The Wilderness Act vs Prospecting in Wilderness Areas

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Jim Hatt

The Wilderness Act vs Prospecting in Wilderness Areas

Post by Jim Hatt » Wed Jul 15, 2009 3:01 pm

I am reluctant to post this in the Prospecting and Treasure Hunting Forum, because I know that there is a Forum dedicated to Desert Environmental and Land Uses but the subject of my post is in regard to PROSPECTING so I am going to give it a try here.

The Superstition Mountains were already designated as a Wilderness Area when I came to Arizona in 1989. They officially became a Wilderness Area at Midnight December 31, 1983.

The first few years I was here, I heard many rumors about the Do's and Dont's of what you could and could not do in the Wilderness Area. (Prospecting for precious metals of any kind, I was told is one of the most important DONT'S) I believed them all at first. Then as time passed, I began to learn that some of the things I had accepted as Fact, might not be true. Finally decided to obtain a copy of the actual Wilderness Act and read it for myself to see what it said. And I DID.

After reading through it several times I came to the conclusion that nobody I had ever talked to had actually read it! Almost everything I had ever heard about it was incorrect.

Although there are several things in the Act (COPY BELOW) that I want to bring to the attention of everyone, the perpose of this post deals with the part I have highlighted in bold type, which clearly says that Prospecting in the Wilderness Area is not only ALLOWED, but that it SHALL NOT BE PREVENTED!
See section (2) of Special Provisions.








THE WILDERNESS ACT
Public Law 88-577 (16 U.S. C. 1131-1136)
88th Congress, Second Session
September 3, 1964
A N A C T
To establish a National Wilderness Preservation System for the permanent good of the whole people, and for other purposes. Be it enacted by the Senate and House of Representatives of the United States of America in Congress assembled.
SHORT TITLE
SECTION 1. This Act may be cited as the "Wilderness Act."
WILDERNESS SYSTEM ESTABLISHED - STATEMENT OF POLICY
SECTION 2. (a) In order to assure that an increasing population, accompanied by expanding settlement and growing mechanization, does not occupy and modify all areas within the United States and its possessions, leaving no lands designated for preservation and protection in their natural condition, it is hereby declared to be the policy of the Congress to secure for the American people of present and future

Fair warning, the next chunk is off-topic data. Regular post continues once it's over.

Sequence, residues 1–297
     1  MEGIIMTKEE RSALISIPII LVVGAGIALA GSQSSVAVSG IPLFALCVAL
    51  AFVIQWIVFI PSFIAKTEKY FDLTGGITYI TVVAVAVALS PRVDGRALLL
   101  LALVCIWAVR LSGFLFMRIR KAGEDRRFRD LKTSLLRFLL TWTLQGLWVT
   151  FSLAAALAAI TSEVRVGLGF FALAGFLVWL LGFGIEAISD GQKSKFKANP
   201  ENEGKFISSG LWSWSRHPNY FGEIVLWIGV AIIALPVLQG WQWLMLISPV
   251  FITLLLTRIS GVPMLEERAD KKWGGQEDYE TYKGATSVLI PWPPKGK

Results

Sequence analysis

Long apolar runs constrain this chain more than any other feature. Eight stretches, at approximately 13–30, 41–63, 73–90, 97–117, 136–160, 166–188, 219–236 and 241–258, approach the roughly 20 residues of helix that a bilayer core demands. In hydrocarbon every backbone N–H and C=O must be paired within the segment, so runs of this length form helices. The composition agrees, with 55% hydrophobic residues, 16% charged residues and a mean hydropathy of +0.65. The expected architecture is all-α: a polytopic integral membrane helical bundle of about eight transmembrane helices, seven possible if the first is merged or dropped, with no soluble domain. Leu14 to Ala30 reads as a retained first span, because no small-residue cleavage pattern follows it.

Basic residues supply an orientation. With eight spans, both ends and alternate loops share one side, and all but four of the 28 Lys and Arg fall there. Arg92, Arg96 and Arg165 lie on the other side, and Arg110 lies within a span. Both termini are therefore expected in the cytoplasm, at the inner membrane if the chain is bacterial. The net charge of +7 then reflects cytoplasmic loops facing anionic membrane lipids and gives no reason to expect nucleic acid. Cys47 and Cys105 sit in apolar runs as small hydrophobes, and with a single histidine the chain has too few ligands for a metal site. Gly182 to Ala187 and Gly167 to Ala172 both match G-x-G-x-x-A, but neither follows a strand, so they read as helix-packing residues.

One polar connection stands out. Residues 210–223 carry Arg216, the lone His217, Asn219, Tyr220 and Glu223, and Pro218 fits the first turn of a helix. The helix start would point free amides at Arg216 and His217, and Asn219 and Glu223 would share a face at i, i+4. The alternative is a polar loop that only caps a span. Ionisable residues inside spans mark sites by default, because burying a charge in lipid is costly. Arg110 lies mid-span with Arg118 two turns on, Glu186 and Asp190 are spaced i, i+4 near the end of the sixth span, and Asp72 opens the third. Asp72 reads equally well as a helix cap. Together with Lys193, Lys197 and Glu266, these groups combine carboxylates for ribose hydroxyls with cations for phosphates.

generations the benefits of an enduring resource of wilderness. For this purpose there is hereby established a National Wilderness Preservation System to be composed of federally owned areas designated by the Congress as "wilderness areas," and these shall be administered for the use and enjoyment of the American
people in such manner as will leave them unimpaired for future use and enjoyment as wilderness, and so as to provide for the protection of these areas, the preservation of their wilderness character, and for the gathering and dissemination of information regarding their use and enjoyment as wilderness; and no Federal lands shall be designated as "wilderness areas" except as provided for in this Act or by a subsequent Act.
(b) The inclusion of an area in the National Wilderness Preservation System notwithstanding, the area shall continue to be managed by the Department and agency having jurisdiction thereover immediately before its inclusion in the National Wilderness Preservation System unless otherwise provided by Act of Congress.
No appropriation shall be available for payment of expenses or salaries for the administration of the National Wilderness Preservation System as a separate unit nor shall any appropriations be available for additional personnel stated as being required solely for the purpose of managing or administering areas
solely because they are included within the National Wilderness Preservation System.
DEFINITION OF WILDERNESS
(c) A wilderness, in contrast with those areas where man and his works dominate the landscape, is hereby recognized as an area where the earth and its community of life are untrammeled by man, where man himself is a visitor who does not remain. An area of wilderness is further defined to mean in this Act an area of undeveloped Federal land retaining its primeval character and influence, without permanent improvements or human habitation, which is protected and managed so as to preserve its natural conditions and which (1) generally appears to have been affected primarily by the forces of nature, with the imprint of man's work substantially unnoticeable; (2) has outstanding opportunities for solitude or a primitive and unconfined type of recreation; (3) has at least five thousand acres of land or is of sufficient size as to make practicable its preservation and use in an unimpaired condition; and (4) may also contain ecological, geological, or other features of scientific, educational, scenic, or historical value.

NATIONAL WILDERNESS PRESERVATION SYSTEM EXTENT OF SYSTEM
SECTION 3. (a) All areas within the national forests classified at least 30 days before the effective date of this Act by the Secretary of Agriculture or the Chief of the Forest Service as "wilderness," "wild," or "canoe" are hereby designated as wilderness areas. The Secretary of Agriculture shall:
(1) Within one year after the effective date of this Act, file a map and legal description of each wilderness area with the Interior and Insular Affairs Committees of the United States Senate and the House of Representatives, and such descriptions shall have the same force and effect as if included in this Act: